By Fabio Tiviti, Senior Vice President & General Manager, ASEAN-India, Infor
In 2022, we find ourselves heading in to the third year of a global health crisis with unparalleled supply chain impact. Repercussions from severe supply and demand imbalances are being felt worldwide. The availability and increasing cost of labor, freight capacity, semiconductors, empty chassis and warehouse storage space will continue to be areas of uncertainty and concern in the coming new year.
With new waves of coronavirus infection appearing globally just in time for the holiday season, our social and economic futures can appear murkier than ever. Still, I believe we can see new supply chain patterns emerging from today’s global trade and shipping chaos. Here are three of those patterns that we will be contending with in the new year:
1) Container ship issues at major North American and Northern European ports will continue well in to 2023, because the current congestion and delays are not merely an ‘ocean’ shipping problem, but a global supply chain network problem. Issues with port labor, truck driver labor, warehouse unloading labor and both empty container and container chassis availability are all conspiring with increased inbound shipping volumes out of Asia (sparked by historically high consumer demand) to slow down the loading and unloading of ocean vessels and subsequent movement of goods out of ports to inland warehouse or deconsolidation locations.
2) To increase supply chain resilience as disruptions will continue to increase their pace and their impact scope, companies must prioritize first mile technology investments and collaborative logistics service provider relationships. Single-minded pursuit of lower costs will have to be replaced with new goals for holistic and multi-dimensional forms of visibility to things like freight capacity, supplier work-in-progress and financial health, modal hand-off points and shipment chain-of-custody progress, in addition to real-time visibility to inventory in transit. Resilience demands improved exception monitoring to support faster reaction times when issues arise within supplier networks or global shipping lanes. Success in delivering products the final mile to end customers is now clearly dependent on getting more control and increased flexibility in managing the first mile.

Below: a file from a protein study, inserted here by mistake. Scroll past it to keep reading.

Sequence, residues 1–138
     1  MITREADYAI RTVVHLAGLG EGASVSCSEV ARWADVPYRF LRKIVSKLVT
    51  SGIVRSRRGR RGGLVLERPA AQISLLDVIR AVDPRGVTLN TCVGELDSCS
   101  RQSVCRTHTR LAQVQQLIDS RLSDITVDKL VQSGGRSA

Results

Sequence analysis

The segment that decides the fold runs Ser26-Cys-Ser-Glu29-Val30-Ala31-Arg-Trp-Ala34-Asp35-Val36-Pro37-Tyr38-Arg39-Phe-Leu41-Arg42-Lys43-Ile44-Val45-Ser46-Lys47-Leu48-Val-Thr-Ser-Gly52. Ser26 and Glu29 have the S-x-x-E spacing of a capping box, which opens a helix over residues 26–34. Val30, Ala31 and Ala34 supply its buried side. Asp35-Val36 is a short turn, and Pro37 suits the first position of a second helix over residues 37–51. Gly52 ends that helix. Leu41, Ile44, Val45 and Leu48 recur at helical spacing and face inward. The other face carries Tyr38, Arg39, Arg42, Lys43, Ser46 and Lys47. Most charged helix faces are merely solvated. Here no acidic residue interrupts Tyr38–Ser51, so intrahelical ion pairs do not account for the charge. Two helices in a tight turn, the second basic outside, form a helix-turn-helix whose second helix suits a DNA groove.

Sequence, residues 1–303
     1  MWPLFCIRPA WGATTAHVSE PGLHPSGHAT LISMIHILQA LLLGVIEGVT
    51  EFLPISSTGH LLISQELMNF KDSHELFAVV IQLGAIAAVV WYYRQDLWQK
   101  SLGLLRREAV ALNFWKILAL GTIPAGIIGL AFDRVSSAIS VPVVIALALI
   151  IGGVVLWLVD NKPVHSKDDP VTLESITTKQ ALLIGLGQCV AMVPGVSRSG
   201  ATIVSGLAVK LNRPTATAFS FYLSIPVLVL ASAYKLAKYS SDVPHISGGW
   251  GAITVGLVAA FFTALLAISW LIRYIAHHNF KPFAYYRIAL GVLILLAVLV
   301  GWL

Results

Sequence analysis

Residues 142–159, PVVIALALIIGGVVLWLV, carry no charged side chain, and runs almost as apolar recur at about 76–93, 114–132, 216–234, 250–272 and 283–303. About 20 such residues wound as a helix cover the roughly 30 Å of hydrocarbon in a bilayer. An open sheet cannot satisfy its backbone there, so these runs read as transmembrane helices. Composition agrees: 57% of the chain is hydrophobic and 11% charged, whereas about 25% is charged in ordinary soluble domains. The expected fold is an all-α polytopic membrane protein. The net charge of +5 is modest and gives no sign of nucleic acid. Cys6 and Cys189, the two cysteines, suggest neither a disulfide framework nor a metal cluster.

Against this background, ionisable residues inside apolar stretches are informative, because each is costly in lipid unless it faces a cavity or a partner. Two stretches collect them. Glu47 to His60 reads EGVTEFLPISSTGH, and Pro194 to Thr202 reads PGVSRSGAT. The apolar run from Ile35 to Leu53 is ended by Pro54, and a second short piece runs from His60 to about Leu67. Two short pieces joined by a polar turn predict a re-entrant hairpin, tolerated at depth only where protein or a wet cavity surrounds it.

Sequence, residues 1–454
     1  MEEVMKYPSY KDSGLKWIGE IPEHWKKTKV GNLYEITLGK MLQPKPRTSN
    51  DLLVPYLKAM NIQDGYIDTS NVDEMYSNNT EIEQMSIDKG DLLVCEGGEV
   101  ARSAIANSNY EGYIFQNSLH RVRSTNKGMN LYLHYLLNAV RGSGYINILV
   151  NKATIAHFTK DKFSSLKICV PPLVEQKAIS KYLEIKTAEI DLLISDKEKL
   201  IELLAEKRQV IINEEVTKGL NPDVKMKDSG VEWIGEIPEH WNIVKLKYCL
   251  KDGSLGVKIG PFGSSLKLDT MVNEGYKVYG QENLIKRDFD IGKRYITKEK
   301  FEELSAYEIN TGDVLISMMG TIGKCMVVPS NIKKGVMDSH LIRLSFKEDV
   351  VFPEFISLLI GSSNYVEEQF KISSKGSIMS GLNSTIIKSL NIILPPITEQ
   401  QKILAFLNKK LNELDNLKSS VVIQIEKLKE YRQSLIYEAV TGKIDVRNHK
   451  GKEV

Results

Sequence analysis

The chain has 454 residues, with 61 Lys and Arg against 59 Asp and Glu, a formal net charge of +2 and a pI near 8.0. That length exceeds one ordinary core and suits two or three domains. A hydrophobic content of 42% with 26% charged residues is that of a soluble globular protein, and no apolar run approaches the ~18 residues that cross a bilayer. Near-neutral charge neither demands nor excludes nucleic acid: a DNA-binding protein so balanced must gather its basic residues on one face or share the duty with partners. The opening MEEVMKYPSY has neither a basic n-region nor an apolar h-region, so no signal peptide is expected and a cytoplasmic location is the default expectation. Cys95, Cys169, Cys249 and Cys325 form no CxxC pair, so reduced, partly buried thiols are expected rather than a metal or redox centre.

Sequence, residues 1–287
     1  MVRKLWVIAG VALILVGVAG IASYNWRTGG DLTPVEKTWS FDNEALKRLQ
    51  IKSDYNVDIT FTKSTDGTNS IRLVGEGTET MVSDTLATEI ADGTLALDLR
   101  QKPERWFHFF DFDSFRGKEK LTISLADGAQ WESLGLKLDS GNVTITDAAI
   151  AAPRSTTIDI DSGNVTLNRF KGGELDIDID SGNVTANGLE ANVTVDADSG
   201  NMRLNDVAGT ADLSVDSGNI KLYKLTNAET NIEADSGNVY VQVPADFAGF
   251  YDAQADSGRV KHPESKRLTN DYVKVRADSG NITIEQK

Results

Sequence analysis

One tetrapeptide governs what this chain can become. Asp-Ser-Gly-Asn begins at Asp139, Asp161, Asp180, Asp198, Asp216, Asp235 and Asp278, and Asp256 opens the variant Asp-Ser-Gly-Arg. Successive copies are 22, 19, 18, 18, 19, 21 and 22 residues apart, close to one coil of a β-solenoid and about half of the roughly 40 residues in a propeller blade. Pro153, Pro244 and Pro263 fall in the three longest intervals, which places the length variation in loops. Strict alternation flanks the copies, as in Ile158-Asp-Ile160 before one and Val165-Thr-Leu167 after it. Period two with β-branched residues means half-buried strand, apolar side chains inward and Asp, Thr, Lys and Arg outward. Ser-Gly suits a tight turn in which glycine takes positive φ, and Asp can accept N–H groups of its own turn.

3) The following global supply chain trends we see today are likely to be longer-term:
• Higher ocean and air freight shipping costs will remain, even when current congestion and capacity
constraints have settled into a new global equilibrium
• Traditional ‘peak season’ shipping markets will start earlier and run longer
• Freight contracts will increasingly run for shorter terms
• Shippers will continue expanded use of Non-Vessel-Operating Common Carriers (NVOCCs) and third-party
logistics providers (3PLs) to secure more reliable freight capacity
• More shippers will share dynamic freight capacity forecast needs with their key carriers to improve overall
freight network planning
• More shippers and consignees will be under pressure to improve their loading and unloading efficiency for
trailers and containers in order to free up network freight capacity
• More C-level executives will be looking closely at global logistics and supply chain strategies, emphasizing
reduced supply uncertainty in tandem with cost management to protect their production lines, the end
customer experience and total business profitability.
Because uncertainty around pandemic-influenced supply and demand challenges has become “the new normal” for supply chain professionals, it is imperative to improve the technologies and supply chain management tools they work with daily. Broader and more flexible partner connectivity, the addition of more external data sources, and supply network intelligence that finally connects demand signals and stakeholders downstream with procurement and shipment planning activity upstream will help ensure businesses can move quickly, pivot nimbly, and are set up for future success.
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